There is only one antidote, and that is love. But humankind can’t seem to grant love its true place at the center of our lives. We will do anything, it sometimes seems, except love. Love, apparently, is the scariest thing of all.
Not just the how-to, but also the why-to.
Everybody assumes the church has our backs when it comes to prayer. But let’s face it: church attendance is down and continues to drop. Some people under 40 rarely set foot in a church except for a young friend’s wedding or an old relative’s send-off.
As for the 50-plus generation, we all know it was Boomers who started the big exodus from church. Between toking up and shacking up and generally screwing up, who had the time or the inclination for church? So even if that generation had a hunger for prayer, it’s unlikely they would’ve recognized it for what it was or had a clue where to turn for guidance.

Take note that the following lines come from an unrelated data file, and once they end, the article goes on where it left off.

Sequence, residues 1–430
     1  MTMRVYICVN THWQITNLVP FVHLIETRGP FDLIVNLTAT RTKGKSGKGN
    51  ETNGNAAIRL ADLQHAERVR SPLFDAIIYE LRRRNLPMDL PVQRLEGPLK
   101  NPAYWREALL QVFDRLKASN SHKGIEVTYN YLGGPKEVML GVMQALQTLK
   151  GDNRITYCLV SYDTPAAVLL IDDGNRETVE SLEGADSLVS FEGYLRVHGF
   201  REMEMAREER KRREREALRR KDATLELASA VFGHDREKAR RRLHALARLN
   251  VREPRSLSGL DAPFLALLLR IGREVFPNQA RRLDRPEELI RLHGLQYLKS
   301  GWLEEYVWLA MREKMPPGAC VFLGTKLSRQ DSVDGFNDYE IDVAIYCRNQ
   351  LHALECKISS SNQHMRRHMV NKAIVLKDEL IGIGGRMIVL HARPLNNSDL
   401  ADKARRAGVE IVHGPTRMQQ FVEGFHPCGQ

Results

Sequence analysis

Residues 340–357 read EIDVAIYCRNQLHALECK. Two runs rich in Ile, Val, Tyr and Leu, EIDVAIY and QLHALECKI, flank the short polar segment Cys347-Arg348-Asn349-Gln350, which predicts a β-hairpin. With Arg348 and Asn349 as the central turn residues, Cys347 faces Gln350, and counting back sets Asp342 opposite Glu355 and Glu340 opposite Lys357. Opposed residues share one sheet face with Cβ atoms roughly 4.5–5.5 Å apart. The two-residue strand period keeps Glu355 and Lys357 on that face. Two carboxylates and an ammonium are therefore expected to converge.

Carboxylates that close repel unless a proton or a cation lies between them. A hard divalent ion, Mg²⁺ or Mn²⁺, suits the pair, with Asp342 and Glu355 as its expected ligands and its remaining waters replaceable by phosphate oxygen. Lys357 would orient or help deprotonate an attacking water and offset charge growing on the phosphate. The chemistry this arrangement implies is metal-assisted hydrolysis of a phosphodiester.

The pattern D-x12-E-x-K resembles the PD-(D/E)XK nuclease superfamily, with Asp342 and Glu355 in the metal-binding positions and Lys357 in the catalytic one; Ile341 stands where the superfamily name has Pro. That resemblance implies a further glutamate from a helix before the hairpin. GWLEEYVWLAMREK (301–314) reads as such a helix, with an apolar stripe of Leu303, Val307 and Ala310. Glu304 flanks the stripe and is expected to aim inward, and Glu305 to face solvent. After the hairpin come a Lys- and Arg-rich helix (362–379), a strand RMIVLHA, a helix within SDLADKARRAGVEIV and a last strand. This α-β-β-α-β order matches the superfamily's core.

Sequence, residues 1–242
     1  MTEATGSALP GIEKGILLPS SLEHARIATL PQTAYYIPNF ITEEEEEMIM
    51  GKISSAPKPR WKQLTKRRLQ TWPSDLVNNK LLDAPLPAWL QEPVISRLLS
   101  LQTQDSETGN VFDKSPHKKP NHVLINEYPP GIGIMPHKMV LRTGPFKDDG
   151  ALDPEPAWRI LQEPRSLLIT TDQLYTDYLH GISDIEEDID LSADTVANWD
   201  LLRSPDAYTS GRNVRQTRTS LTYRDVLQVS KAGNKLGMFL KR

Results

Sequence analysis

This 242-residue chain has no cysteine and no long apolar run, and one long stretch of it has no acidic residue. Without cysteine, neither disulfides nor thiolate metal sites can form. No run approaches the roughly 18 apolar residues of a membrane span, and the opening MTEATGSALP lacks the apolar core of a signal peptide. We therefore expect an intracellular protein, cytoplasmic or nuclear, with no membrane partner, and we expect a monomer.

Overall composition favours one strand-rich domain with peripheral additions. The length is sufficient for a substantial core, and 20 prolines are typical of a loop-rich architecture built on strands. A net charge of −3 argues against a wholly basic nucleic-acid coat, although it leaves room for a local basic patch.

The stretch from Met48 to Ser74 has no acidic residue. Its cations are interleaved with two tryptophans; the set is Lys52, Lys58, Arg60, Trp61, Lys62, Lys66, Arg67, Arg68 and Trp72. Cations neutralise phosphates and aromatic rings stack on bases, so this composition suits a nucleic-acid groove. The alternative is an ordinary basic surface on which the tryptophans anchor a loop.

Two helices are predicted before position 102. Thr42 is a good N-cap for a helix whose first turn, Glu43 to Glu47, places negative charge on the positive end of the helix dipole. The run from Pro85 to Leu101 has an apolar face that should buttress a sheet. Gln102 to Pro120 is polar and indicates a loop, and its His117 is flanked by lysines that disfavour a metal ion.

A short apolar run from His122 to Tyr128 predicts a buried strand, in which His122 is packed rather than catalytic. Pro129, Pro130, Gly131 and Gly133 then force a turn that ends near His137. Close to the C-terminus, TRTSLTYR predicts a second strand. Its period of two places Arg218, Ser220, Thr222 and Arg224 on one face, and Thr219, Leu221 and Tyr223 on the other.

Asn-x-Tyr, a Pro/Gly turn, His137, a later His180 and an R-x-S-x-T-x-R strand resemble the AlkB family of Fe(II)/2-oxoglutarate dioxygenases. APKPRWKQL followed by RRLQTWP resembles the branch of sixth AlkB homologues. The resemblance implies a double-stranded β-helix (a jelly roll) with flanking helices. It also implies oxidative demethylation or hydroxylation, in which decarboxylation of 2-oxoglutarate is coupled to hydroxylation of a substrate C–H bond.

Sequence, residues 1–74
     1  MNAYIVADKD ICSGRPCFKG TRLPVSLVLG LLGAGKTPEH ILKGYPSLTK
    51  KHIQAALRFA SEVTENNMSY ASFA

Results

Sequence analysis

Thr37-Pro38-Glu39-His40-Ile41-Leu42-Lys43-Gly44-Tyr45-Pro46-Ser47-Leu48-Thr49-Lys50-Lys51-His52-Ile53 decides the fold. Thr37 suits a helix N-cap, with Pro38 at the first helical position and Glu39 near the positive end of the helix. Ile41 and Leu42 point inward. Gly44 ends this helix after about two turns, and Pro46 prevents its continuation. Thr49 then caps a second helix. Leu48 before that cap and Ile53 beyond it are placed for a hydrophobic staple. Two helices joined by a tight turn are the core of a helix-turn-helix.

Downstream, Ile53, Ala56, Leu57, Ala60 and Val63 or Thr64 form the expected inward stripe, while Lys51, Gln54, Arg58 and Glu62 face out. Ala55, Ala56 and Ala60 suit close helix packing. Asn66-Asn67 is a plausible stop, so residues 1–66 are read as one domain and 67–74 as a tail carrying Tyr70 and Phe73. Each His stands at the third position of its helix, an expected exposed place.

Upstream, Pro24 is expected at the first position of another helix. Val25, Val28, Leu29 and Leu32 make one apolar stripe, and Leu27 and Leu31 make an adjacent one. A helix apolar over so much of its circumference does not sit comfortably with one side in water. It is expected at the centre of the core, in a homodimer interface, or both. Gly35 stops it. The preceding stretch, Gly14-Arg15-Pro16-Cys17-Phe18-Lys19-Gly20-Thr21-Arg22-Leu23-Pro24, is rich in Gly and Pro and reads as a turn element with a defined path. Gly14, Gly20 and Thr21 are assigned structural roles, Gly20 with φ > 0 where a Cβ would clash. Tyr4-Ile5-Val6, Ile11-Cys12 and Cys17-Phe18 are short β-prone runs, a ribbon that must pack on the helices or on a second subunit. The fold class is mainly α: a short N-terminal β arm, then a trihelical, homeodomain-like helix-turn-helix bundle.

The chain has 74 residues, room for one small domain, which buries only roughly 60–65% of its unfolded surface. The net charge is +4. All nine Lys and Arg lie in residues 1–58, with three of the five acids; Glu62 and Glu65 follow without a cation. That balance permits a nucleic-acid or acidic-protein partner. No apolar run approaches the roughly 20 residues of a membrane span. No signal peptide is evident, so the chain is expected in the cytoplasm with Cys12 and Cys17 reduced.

And the generation that raised the Boomers? What they knew about prayer started and seldom strayed from the Sunday morning pulpit. The preacher prayed and their part was to say “amen” in unison.
Even now, the how-to is still modeled most in churches, using a certain kind of language that may seem too formal to feel authentic when we’re wandering through the rest of our lives.
And the why-to? Who knows? Prayer has become a “should” and we all know how likely we are to fall in love with the things we should.
Falling in love. That’s really the why-to of prayer. Prayer is a falling in love with the Divine Source that made us and the God Man who saved us from the junk heap and the Holy Spirit that lives and breathes in us whether we notice it or not. Prayer is falling in love with the grace and mercy and glory found in our messy, broken lives.